Interview with brian d foy
Besides being the publisher of The Perl Review, brian has written several Perl modules, writes a regular column for The Perl Journal, and is a partner in Stonehenge Consulting Services where he teaches and consults on Perl. He was the lead author for Learning Perl, 4th Edition which O'Reilly Media published this summer.
brian d foy (as interviewer): You're interviewing yourself. Are you really, really vain, have an insufferably huge ego, or just need attention?
brian d foy (as interviewee): Do I get to choose all of the above?
Actually, I needed an interview for September. I started doing interviews a couple of months ago and I've been able to get one every month. I ended up pretty busy with a National Guard mission to Egypt in September and immediately went on a GeekCruise after that. Basically, I was out of the country for five weeks without reliable internet access. It's actually the end of October right now, but I know the webmaster so I'll get him to pretend we published this is September.
Aside from that, I've had this idea of self-interview since I read Glenn Gould's interview of himself. His philosophy of interviews diverges from what most people do; he thinks the most enlightening answers come from questions completely unrelated to the interviewee's expert area. His interview with the great conductor Leopold Stokowski went over interplanetary travel, for instance.
Along with that, I was impressed by a comment that former Secretary of Defense Robert McNamara made to some questions Errol Morris posed to him in Fog of War. Secretary McNamara said you should always answer the question you wished you were asked instead of the one you were asked. I'm not sure how that will work out here since I get to choose both the questions and answers.
The Perl Review What's the question that most people ask you?
brian: I'm not sure if I can answer that in polite company, so I'll give you the second most frequent question. I suppose I should start a FAQ about myself, but that might be pushing this self-interview thing a bit too far. I'm really not that in love with myself because I think I'm an idiot. Anything I do I know I can do better. If you think I'm some great Perl hacker, just look at the CPAN Tester FAIL reports for any of my modules. If you think I'm a good publisher, look at how boring this magazine looked before Eric Maki came along.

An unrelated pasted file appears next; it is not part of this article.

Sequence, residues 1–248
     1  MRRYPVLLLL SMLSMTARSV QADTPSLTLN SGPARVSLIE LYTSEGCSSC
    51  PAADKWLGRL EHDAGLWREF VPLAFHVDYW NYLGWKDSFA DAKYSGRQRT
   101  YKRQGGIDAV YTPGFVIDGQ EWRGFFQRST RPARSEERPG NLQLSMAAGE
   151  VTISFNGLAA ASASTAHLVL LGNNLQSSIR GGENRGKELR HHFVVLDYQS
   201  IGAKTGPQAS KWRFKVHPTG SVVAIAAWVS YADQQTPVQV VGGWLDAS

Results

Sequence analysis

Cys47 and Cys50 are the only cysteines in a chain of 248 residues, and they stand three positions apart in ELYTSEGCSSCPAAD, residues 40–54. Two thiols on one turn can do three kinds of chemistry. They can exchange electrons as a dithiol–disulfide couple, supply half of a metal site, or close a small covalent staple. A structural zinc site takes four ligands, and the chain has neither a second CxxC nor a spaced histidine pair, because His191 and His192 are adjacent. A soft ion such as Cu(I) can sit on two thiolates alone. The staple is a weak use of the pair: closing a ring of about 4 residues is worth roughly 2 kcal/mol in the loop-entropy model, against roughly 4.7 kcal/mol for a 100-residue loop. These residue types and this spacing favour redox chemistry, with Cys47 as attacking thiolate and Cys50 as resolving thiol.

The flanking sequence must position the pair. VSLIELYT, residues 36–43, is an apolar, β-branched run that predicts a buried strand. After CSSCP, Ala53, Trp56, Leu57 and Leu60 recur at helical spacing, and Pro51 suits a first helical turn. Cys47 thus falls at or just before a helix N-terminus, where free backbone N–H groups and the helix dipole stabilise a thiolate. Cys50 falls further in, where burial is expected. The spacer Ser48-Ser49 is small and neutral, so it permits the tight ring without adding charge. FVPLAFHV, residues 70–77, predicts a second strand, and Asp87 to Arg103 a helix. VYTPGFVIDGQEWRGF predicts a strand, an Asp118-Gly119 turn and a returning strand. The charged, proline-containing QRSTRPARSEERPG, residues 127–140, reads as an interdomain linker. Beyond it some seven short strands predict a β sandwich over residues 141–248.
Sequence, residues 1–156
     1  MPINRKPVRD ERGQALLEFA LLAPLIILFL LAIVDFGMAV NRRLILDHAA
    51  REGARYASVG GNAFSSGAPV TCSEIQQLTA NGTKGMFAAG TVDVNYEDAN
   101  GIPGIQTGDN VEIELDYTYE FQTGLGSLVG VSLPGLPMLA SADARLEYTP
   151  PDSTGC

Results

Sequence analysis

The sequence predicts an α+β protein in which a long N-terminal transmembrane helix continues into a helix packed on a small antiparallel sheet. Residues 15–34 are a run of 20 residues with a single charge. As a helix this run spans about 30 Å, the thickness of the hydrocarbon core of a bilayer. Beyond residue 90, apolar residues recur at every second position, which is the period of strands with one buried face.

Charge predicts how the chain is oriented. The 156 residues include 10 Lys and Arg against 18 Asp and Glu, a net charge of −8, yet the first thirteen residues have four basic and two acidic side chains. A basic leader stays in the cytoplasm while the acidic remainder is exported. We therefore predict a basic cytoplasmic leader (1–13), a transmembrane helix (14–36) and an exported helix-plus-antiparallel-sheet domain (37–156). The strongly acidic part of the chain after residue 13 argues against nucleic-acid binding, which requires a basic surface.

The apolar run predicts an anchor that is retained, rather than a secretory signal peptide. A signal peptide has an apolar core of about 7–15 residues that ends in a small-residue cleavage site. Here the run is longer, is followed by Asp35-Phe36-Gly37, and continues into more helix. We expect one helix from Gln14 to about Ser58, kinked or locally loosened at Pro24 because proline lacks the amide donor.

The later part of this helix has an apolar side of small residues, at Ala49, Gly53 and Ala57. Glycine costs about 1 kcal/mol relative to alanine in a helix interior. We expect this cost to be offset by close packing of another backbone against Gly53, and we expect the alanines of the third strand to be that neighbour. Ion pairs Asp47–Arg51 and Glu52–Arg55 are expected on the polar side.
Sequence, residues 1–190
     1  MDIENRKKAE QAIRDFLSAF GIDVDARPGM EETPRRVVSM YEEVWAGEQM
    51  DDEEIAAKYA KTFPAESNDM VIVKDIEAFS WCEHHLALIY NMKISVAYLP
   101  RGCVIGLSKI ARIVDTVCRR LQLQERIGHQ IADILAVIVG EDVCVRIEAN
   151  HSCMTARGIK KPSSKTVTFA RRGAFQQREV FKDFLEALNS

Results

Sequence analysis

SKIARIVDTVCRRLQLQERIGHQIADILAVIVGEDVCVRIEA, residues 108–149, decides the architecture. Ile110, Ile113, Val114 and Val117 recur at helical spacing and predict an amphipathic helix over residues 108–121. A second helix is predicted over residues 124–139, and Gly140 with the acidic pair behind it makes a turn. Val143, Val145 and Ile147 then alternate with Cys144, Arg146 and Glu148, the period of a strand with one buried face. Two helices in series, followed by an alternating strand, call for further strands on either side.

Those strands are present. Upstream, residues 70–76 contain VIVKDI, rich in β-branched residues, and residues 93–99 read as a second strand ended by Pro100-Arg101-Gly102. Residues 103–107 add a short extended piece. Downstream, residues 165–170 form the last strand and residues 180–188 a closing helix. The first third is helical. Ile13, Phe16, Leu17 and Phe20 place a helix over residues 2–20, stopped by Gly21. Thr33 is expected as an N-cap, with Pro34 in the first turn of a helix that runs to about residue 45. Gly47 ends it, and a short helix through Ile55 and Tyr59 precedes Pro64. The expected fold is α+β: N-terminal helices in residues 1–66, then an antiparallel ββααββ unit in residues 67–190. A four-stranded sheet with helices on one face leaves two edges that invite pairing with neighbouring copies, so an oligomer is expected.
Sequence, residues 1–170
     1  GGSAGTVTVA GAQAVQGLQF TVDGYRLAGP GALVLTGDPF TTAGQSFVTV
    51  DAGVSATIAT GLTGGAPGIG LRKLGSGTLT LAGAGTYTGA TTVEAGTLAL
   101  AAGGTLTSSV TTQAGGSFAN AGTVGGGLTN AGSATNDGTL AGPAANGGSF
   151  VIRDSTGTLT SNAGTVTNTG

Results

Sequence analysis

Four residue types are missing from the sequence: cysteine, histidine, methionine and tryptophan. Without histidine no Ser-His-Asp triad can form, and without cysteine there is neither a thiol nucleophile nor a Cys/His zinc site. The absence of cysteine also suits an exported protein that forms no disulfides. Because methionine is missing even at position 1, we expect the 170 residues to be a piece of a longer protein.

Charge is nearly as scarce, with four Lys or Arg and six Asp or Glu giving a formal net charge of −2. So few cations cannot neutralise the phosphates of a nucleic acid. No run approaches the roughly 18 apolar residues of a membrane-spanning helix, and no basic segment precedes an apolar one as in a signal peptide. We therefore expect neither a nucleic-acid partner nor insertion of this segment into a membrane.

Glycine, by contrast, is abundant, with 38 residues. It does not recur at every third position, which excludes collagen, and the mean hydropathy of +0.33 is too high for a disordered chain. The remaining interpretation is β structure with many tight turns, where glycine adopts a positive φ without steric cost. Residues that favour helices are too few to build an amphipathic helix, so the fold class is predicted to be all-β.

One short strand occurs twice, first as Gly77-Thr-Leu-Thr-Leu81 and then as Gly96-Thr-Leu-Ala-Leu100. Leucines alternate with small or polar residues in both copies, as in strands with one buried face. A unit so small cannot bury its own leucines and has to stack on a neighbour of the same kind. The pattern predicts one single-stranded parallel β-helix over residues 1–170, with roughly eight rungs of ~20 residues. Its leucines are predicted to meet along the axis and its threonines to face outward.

The Perl Review You're answering the question you wished you were asked, I think.
brian: Ah, right. Writing is an interesting thing. Weird stuff comes out when you just let it flow. I've often read that a novelist sometimes loses controls of their characters that way. Still, I'm doing that again.
Most frequently people ask me about my name. I write it in all lowercase. That could be another sign of narcissism, but it was really more pragmatic than that. I needed people to remember my name. Before I made my mark on the Perl community, I was just another person doodling with Perl.
Some people use nicknames or handles for various online channels. Part of that has to do with the naming restrictions for logins, and some of it is historical. For instance, my PANIX and Pair account names are both "comdog". I never choose that. When I first signed up for a web hosting account, my one-man contracting company was called "Computer Dog Consulting". I needed a name for the incorporation forms and choose the object sitting on my monitor: a little stuffed dog. The web hoster condensed that to "comdog". I don't really like it that much, but most anywhere I go, 'brian' is already taken. If a guy was born in the US in 1970, their name is probably Brian.
I don't like people hiding behind nicks though. Just having a nick doesn't hide identity (everyone knows "merlyn" is Randal Schwartz, for instance), but I'd rather just put my name out there. I think people should attach their name to anything they want to create. There is the odd case of hiding from oppressive governments or litigious churches, but otherwise, I think people should take not only the credit but also the responsibility for what they do. The best way to do that is to attach my name to things.
That's getting away from the question though. I think I have a pretty simple name. My last name is "foy" and it rhymes with the other words spelled like it. It's not Hietaniemi, for example. People still mangle it's pronunciation. Worse than that, they come up with all sorts of interesting spellings. It's so simple it's hard, apparently. I decided to make it easier by specifying rules for my name. Along with that, I made it all lowercase thinking people would have to break out of their normal thinking and perhaps get it right.
That didn't quite work out. For a while I said my name, including the middle name "d", so people started coming up with annoying permutations of "defoy". I guess that makes sense, so I just made the "d" silent.
Most of the rules evolved for usability and recognizability. At least its a conversation starter, which is always a good thing if you want to meet a lot of people. In the Perl community, having some weird name really isn't that weird. Just look at "chromatic". He's using a nick, but he uses it everywhere, including the covers of his books. When I was working as a physicist, I had to choose a form of my name and use only that in all of my publications to make it easy for people to find all of my work. I've just done a similar thing for the Perl community, but with a bit of geek twist.